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Modern Free Trade Agreements are about much more than lowering tariffs.

Modern Free Trade Agreements are about much more than lowering tariffs. As an FTA, the TPP necessarily creates a free trade area of significant size. It establishes market rules for access in relation to both goods and services, and set out the promises made in relation to market regulation.

The TPP is a rule-based statement of Pacific region market governance. It opens the way for businesses to challenge their regulatory treatment directly under the treaty, without the burden and legacy issues that typically have arisen in common law judicial review mechanisms.

Inherent in the concept of sovereignty is the right to regulate a state’s own markets. The TPP includes a chapter on regulatory practices of states. It is a stated objective of the US (and it is consistent with practices in US regulatory law, as well as in Australian and other regulatory law and practice) that all regulation should be made in a transparent manner, with the opportunity for participation by affected parties. The TPP requires that states adopt 'good regulatory practices'. Such practice may require: identification of the market failure or other matter intended to be  dealt with; that regulation be dealt with by 'sound science', cost benefit or similar analysis, risk assessment or other objective evidence; consultative mechanisms and other matters that increase 'regulatory coherence'; and periodic reviews or sunset mechanisms. These are matters which may be of some controversy.

The TPP liberalises cross-border services and establishes key rights for companies, including non-discrimination. It contains specific provisions on financial services. A separate chapter of the TPP is devoted to investment.  This chapter and other chapters will establish core investment related rights: to be treated in a fair and equitable manner; to be given full protection and security; and to be treated without the host state discriminating in favour of local businesses. True to its origins as a non-nationalistic power, the 'police power' to regulate markets must take into account the interests of all the members of the pact.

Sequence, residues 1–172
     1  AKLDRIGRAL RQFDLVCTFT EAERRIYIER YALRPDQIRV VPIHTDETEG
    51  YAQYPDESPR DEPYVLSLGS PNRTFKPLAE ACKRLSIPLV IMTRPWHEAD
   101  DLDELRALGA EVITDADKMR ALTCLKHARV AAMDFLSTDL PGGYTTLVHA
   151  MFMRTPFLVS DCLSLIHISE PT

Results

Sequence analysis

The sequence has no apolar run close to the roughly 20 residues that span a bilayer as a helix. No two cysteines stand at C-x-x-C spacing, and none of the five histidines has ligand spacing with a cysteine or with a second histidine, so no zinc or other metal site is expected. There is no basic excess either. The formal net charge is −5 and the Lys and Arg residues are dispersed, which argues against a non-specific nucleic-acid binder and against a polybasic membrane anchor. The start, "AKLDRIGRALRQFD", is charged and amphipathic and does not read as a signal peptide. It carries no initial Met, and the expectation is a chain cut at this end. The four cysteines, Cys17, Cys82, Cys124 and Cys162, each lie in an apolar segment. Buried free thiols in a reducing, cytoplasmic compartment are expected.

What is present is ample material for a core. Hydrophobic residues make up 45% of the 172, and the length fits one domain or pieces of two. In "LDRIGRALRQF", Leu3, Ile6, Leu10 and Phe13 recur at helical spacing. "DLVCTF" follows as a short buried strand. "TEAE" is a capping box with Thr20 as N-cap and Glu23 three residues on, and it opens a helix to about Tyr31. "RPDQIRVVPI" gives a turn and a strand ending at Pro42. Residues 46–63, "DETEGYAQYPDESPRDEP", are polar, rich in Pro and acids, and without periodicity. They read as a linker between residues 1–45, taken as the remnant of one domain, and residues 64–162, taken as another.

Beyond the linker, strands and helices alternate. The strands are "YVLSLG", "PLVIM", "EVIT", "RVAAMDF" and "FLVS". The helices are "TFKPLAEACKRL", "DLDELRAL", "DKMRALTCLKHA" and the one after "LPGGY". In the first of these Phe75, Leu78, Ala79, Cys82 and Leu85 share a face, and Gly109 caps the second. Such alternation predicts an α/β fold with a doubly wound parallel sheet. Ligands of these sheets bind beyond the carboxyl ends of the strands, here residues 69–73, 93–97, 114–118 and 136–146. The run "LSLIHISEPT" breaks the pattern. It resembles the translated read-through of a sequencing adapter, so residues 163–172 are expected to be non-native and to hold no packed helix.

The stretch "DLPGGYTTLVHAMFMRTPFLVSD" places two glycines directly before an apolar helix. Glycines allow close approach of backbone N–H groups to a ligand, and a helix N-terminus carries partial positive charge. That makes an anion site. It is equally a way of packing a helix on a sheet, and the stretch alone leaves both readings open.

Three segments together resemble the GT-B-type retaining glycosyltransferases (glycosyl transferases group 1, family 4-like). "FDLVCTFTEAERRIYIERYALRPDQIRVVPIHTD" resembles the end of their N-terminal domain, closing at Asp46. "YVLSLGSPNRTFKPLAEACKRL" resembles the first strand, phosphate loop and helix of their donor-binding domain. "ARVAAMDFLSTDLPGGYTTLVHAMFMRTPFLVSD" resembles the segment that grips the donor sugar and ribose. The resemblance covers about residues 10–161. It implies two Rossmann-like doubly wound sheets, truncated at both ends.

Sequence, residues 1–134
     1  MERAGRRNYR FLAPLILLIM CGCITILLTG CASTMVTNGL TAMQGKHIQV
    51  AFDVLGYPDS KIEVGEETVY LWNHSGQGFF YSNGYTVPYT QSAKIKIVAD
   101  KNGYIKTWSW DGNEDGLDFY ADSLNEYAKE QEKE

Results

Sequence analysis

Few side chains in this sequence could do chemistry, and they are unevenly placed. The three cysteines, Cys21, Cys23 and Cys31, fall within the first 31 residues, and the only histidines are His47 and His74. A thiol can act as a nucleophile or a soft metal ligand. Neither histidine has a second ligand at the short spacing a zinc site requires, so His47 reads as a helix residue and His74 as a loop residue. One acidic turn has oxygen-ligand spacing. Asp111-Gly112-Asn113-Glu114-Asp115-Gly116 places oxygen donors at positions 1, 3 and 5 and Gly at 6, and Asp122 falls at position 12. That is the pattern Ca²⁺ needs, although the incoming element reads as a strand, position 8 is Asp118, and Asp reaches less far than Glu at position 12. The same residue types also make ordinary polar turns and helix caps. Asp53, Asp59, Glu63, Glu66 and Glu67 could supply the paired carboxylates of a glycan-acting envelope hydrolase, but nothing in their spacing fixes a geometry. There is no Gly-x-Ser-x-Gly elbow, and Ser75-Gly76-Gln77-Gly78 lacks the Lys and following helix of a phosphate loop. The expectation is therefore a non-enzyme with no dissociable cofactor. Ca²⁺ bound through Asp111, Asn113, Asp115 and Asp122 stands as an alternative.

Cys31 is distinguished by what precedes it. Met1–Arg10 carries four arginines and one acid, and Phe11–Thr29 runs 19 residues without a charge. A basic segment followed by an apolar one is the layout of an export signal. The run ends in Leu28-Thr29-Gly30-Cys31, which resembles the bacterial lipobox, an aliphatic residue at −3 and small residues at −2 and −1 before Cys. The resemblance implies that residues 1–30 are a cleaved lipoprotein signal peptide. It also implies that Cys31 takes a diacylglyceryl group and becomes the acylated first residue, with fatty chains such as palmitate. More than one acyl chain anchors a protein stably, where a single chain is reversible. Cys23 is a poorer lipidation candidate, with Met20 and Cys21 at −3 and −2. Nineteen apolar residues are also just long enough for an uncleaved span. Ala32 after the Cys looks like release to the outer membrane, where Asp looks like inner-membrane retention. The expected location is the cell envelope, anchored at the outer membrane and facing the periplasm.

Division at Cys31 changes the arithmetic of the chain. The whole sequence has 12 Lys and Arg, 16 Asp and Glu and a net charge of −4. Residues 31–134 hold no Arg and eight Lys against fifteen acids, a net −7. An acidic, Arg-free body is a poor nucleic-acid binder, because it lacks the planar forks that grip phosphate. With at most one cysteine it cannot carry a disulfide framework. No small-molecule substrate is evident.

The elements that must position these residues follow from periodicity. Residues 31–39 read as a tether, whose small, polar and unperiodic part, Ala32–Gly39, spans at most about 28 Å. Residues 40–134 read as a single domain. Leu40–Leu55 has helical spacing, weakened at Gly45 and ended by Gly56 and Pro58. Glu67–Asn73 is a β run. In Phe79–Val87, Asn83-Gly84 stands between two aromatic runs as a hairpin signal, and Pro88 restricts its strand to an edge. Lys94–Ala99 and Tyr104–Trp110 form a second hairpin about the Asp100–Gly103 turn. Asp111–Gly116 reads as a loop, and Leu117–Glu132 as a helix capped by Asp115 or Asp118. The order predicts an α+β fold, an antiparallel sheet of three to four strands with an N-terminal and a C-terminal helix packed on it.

The TPP also has a chapter on State-Owned Enterprises (SOEs). The principal aim of the rules is to ensure that SOEs are not granted unfair competitive advantages, for example through subsidies or more favourable regulatory treatment. As sovereign states move beyond traditional public roles as guarantors of the conditions in which markets operate to become market participants themselves, rules about how to treat SOEs are necessary. SOEs should not be given any preferential treatment in the way they operate as market participants, although if they are states themselves, they may obtain immunities and privileges not otherwise available to them.

The TPP also covers numerous other matters that will impact the regulatory regime in which businesses operate. The TPP defines rules of origin principles and contains basic customs facilitation provisions.  The TPP also establishes basic competition law requirements and addresses intellectual property issues that go beyond the WTO. Moreover, for the first time, it contains principles of 'good government' and seeking to have 'regulatory coherence' and commitments on 'good regulatory practice'.